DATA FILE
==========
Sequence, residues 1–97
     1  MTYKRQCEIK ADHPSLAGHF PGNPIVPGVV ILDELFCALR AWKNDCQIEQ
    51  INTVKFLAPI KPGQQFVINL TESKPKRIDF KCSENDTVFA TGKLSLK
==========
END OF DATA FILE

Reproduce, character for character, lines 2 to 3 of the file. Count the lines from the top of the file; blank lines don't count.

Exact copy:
     1  MTYKRQCEIK ADHPSLAGHF PGNPIVPGVV ILDELFCALR AWKNDCQIEQ
    51  INTVKFLAPI KPGQQFVINL TESKPKRIDF KCSENDTVFA TGKLSLK